It took about three hours before I felt right at home among the Danes, in the happiest country on earth* (in 2016). København (Copenhagen in English) is the capital of Denmark, a piece of Scandinavia just north of Germany. Walking along the clean, upscale looking streets, my first impression was not of a country that flaunts wealth and luxury on the surface. People don't walk down one of the most expensive streets in the world dripping in jewels and fur coats. They are much too modest to outwardly display having one of the highest standards of living in the world, but ask a local and they'll eagerly tell you about how great things are. Healthcare, unemployment, education all provided by the government and there if you need it. (and at a tax rate not so different from that of the United States)
The capital seems relatively small but in my experience cannot be properly experienced in just a few days. About 9 days revealed a Copenhagen as a labyrinth for pleasing the senses made up of basement hipster dive bars, world class restaurants and a concentrated grouping of cultural arts in a variety that is impressive.
In KBH, the bars don't close until the last person leaves. That could be at 5 am or 9 am. The weekends are a sight to see with people flocking to the nightlife in boisterous groups. After a night of partying, the patrons that have abandoned the bars stumble down the streets, wandering and playing their own music on portable speakers, outside a 7-11 perchance (yes they have those in Denmark) at 6 in the morning. You can make your own party whereever you feel like it as long as you are respectful to the sleeping neighbors.
Most of the bars in Copenhagen allow smoking inside. While the tobacco smoke is overpowering and suffocating, I stuck it out and enjoyed such lovely high class establishments such as Bo-Bi Bar and The Moose. Here, the term high class is used ironically, but sometimes you just need a comfortable yet grimy night out.
At the international street food market, there is a bar with a shimmering gigantic cow statue decorated in a reflective mosaic tiles, resembling a bovine disco ball. The genius that invented Discow Bar is a legend of a human. I worship this concept. Well done to you. I'm jealous I didn't think of it first. I encourage those wannabe entrepenuers around the world to establish their very own Discow Bar in their home city. Who wouldn't be on board with that?
There is really something for everyone here, whether you are a Norwegian farmer escaping the high price of alcohol in your home country or a tourist curious about Christiania, a rather famous district that is almost like a tiny country within a city. The law there does not extend beyond the boundaries of this privately owned, collectively governed slice of Woodstock in village form. What a concept! "You Are Now Leaving the E.U."
The local authorities tried to kick the hippies off the land once operated by the military by setting a selling price to privatize the land thinking the squatters wouldn't be able to raise the funds themselves. It took them all about two hours to come up with the funds required to buy it outright through online donations. It is now forever a beloved alternate reality that exists in harmony within a bustling modern city. Perhaps direct democracy keeps things going in this neighborhood that sells alternative smoking materials and offers a refuge from the outside world of oppressive capitalism and policies criminalizing the green things that Freetown Christianians love so dearly. It is not a clean place, but it certainly is a fascinating thing to visit. (there were no photos allowed)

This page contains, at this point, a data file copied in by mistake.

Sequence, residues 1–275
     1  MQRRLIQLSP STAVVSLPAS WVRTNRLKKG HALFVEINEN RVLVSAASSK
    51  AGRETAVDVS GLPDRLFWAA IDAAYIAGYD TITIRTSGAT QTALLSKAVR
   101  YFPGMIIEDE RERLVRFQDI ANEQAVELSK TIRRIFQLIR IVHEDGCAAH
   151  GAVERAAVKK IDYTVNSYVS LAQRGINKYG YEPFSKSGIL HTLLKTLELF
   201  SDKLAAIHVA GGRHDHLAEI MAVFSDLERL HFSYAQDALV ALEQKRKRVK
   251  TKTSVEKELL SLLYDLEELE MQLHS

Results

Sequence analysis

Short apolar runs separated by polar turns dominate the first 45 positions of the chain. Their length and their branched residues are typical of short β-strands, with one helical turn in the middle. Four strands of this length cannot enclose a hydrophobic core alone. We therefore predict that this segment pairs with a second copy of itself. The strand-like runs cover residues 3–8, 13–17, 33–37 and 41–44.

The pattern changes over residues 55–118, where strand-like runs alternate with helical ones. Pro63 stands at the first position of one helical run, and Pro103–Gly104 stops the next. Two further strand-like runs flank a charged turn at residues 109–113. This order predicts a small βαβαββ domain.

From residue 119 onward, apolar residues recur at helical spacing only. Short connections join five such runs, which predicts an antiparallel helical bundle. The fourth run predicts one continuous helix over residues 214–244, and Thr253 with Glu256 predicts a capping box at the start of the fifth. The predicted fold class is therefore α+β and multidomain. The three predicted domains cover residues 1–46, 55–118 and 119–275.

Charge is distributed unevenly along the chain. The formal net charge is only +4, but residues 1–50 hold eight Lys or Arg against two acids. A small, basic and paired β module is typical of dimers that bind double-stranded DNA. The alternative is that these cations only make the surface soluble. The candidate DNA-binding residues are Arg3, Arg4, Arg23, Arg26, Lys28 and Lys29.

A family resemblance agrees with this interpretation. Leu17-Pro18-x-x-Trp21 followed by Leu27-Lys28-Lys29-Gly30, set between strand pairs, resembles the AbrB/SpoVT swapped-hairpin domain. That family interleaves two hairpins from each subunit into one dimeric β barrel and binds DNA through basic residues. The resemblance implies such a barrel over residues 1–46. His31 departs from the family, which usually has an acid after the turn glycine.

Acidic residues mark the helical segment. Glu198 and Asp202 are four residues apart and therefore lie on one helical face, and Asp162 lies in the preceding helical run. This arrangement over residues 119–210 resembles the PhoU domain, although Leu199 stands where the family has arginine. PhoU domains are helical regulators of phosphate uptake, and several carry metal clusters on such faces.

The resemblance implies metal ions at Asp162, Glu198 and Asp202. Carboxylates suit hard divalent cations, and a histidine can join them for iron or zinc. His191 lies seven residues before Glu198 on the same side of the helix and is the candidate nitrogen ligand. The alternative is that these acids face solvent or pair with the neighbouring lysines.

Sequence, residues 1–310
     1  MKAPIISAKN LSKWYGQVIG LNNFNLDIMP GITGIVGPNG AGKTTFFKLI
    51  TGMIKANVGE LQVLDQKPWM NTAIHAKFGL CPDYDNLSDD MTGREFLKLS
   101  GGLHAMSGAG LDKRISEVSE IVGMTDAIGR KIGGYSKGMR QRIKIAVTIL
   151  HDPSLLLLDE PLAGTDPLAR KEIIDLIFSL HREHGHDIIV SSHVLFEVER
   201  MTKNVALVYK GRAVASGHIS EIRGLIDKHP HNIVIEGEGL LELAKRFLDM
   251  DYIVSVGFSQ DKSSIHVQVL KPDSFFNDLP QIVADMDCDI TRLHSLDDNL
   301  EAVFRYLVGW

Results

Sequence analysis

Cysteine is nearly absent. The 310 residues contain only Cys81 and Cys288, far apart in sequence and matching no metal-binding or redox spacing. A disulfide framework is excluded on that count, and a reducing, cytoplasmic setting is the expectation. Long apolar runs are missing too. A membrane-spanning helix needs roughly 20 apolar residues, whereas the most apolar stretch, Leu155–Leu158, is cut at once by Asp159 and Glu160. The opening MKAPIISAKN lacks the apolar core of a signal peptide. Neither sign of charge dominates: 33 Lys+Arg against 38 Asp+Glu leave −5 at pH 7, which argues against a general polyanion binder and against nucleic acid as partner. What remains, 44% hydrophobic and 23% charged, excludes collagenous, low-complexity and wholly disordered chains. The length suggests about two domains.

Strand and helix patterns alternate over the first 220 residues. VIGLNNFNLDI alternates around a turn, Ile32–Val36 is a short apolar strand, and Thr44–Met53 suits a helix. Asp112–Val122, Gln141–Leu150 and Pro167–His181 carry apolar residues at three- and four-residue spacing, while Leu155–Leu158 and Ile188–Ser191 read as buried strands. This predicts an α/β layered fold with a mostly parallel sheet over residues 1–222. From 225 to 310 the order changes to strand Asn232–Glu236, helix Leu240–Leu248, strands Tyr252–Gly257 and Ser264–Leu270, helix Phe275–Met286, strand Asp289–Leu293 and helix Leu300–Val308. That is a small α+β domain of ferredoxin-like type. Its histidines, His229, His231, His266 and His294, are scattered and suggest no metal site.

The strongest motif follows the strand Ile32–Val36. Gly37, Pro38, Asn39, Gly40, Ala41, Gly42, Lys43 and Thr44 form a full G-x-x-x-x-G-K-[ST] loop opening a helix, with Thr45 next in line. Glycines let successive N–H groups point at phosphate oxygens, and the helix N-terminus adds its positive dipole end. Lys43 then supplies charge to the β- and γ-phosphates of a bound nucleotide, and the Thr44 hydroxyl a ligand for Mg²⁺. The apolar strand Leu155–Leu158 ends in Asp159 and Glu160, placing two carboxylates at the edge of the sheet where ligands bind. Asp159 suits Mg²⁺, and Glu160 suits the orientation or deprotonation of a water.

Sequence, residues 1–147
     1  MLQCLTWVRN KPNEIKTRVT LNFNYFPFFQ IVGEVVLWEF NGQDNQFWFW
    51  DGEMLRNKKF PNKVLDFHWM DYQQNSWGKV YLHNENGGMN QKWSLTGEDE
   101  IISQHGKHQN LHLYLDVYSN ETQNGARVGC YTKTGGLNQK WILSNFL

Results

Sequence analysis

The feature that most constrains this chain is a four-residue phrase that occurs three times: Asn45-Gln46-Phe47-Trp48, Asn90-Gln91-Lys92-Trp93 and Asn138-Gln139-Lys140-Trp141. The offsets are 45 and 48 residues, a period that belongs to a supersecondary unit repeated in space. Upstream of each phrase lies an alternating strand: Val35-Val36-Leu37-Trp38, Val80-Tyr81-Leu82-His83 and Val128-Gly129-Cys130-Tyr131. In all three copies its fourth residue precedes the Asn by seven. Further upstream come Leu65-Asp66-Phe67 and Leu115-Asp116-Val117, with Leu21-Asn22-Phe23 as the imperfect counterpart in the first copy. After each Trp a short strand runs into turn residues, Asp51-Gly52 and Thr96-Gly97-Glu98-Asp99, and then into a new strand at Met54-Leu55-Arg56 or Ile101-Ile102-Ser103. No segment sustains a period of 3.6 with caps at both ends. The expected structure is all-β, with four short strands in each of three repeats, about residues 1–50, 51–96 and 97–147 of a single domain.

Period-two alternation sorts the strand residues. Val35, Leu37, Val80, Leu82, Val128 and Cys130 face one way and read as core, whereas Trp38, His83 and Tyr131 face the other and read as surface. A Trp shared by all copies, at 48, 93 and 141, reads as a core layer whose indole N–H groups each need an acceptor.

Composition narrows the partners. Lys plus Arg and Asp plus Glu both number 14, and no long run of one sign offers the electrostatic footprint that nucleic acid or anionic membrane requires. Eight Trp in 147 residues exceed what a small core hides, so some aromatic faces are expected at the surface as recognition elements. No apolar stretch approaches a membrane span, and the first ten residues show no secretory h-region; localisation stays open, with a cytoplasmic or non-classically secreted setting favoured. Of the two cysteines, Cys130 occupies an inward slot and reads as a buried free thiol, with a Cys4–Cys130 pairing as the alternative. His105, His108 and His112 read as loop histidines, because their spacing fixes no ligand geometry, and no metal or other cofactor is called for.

Some of my favorite moments in Copenhagen involved walking through the parks in the rain. After becoming too wet, I would head to a cafe to do some reading or writing. My favorite spot is the Paludan Bogcafe (book-cafe). In Paludan, books line the walls and the atmosphere is perfect for inspiring creativity.
The entire city is dotted with hidden gems and good vibes. The energy of København inhabitants comes off as a comfortable and hyper awareness of the state of the world beyond, yet also having the ability to relax, sip a beer, and light a cigarette without worrying how late it is, or if work in the morning is fast approaching, merely enjoying the hygge (something nice, cozy, safe and known) and intellectual conversation.
Late one evening in the nippy winter wind, as I was walking along, I observed a staff chef that worked at NOMA (once awarded the title of best restaurant in the world) biking in a short sleeve white shirt, no jacket, holding a tree branch more massive than his bike in one hand and balancing with the other. He was returning to the restaurant after scavenging for this hunk of a tree, an ingredient for dinner no doubt. To eat here requires a lot of money and a reservation many months in advance. I wasn't able to eat there this time, but it's on my bucket list!
So many enjoyable days here and it was hard not to enjoy the city no matter the weather. On one of my last days, I visited the inside of Rosenborg Castle, strolled through botanical gardens and read for a bit in the Palm House, an enclosed white painted metal greenhouse. For lunch I devoured smørrebrød (Danish open faced sandwich) from Torvehalle, a public market of specialty food stands and restaurants.
I can recommend a visit to Copenhagen and stay for a while, get comfortable with some hygge and try to discover the local side of things. The underside of the city is just as captivating as its tourist attractions and grand palaces, my heart was made happy by all the bicycles and gardens and happy people.